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Shaping up a new-to-me 07 GT3

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Old 06-09-2014, 11:51 PM   #61
Tom-TPC Racing
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Bilstein clubsport?
Nope. They're Damptronics.
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Old 06-10-2014, 12:43 AM   #62
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Default Shocks & Springs

I am using Bilstein Damptronics because I like the versatility of PASM. I don't have a truck and trailer so I drive to/from tracks, and occasionally I like driving my only Porsche out to dinner. And what if I told you there's an aftermarket PASM control box available to drive any PASM shock to poduce the compression/rebound curve of a race shock? And the button can be used to toggle different curves/peak stiffness. On top of that, the software can change the shape of the curve by controlling the oil bypass valve in the shock. This is what I want!

Conventional adjustable race shocks create more resistance to oil flow which make the valving stiffer by turning the ****(s) to reduce the size of the oil flow path and forcing the oil through a series of shims. Re-valving to make stiffer usually means add more shims or thicker shims. I work JRZ's almost daily and would definitely use them if I was building a pro car to run endurance races. But for my streetable track car I'm going with electronic.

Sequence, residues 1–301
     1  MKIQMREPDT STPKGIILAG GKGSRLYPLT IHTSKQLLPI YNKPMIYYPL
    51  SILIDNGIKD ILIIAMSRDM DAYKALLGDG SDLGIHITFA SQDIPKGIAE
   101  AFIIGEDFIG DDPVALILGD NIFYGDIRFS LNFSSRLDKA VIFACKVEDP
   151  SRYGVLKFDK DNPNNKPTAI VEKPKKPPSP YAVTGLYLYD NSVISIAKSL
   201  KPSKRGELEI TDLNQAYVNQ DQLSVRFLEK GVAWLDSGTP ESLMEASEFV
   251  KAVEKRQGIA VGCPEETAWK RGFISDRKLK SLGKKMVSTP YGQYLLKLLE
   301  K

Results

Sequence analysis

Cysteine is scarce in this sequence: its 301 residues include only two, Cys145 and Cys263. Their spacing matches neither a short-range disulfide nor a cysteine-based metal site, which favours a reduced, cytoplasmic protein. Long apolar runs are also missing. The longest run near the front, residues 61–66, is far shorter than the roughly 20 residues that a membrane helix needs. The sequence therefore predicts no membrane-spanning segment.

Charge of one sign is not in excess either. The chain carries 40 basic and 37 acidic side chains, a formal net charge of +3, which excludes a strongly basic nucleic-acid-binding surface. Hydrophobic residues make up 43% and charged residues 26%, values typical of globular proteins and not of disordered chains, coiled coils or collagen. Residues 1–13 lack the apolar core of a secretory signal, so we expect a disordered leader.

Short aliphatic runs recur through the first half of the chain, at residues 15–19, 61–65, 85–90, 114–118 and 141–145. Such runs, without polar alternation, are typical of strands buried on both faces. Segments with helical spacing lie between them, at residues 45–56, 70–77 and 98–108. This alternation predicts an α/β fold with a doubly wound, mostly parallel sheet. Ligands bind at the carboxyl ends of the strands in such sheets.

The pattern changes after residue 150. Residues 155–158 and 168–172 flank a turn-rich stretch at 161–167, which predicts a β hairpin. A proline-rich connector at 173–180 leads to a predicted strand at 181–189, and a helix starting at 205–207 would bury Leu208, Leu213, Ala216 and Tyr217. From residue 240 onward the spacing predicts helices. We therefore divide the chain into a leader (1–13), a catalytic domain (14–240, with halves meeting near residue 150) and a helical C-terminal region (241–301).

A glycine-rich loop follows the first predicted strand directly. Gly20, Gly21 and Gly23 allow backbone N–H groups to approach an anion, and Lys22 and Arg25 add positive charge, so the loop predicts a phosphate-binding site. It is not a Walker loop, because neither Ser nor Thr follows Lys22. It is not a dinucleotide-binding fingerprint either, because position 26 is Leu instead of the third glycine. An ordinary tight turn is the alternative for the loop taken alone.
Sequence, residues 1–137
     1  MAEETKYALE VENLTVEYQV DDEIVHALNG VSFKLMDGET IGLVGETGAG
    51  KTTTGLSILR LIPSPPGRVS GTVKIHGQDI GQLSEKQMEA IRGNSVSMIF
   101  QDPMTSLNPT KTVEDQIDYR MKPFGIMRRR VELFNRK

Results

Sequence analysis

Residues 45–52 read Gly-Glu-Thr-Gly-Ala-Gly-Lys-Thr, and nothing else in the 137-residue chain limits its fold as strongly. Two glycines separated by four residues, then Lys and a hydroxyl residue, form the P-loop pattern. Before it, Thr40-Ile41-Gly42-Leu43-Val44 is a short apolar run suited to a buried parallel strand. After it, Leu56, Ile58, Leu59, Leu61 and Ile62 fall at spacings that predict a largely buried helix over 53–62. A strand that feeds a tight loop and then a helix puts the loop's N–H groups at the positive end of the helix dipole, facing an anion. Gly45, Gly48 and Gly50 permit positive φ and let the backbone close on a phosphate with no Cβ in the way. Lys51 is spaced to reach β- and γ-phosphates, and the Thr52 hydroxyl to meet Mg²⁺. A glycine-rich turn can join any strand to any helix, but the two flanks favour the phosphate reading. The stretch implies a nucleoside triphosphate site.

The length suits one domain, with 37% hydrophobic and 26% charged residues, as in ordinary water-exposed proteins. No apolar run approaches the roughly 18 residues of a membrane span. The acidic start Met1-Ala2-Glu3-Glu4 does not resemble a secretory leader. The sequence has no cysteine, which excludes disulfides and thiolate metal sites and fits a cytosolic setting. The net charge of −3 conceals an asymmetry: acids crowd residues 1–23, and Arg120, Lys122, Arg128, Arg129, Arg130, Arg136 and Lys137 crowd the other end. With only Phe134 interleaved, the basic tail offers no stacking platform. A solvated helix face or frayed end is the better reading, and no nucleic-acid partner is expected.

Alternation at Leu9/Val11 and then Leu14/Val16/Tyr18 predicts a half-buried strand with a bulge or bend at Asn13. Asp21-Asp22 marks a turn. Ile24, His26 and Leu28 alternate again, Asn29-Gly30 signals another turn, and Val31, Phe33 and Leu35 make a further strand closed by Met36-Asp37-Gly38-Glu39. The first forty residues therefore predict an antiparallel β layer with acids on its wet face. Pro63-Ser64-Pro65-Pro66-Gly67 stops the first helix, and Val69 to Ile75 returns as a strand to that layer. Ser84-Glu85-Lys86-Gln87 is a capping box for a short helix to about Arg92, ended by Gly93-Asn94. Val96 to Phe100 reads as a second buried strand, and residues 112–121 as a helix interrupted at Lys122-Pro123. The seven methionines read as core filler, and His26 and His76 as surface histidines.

I installed GT3 Damptronics on my previous street/track car, which was a 997.1 Carrera S. On that car, I first installed the Damptronics as they were right out of the box which came with 330/717 in-lb springs(I tested the springs myself). I found the front to be very harsh over bumps and bouncy, and didn't have good support for high g-loads so I got rid of the short Bilstein 330 main springs and tender springs for a longer Eibach 450 front springs. The ride was improved! The taller spring made with longer length of spring wire absorbed the bumps much better AND have more support and improved stability under heavy braking. My conclusion is that tender springs are not needed unless the main springs are stiffer than 800. Tenders are used to soften the compression ever so lightly should you take a wheel off ground, this reduces weird harmonic in very stiff main springs. Anyway, I increased the front to 500 and shortly after I sold that car. It was a great handling car.

Interesting fact- this new set of Damptronics I just got have stiffer springs that the previous set all the way around. +20 front/+10 rear. They have the same part number but different production date. My guess is in from Bilstein to sell the same coilover kit to the .2GT3 and GT2 they have to increase the rate and make a one-fit-all kit.

On the GT3, I am going with 500 fronts from the get go. I don't use 60mm ID metric springs. I use 2.25" so the front spring change requires 2.25" ID hats and perches. Easy direct fit stuff.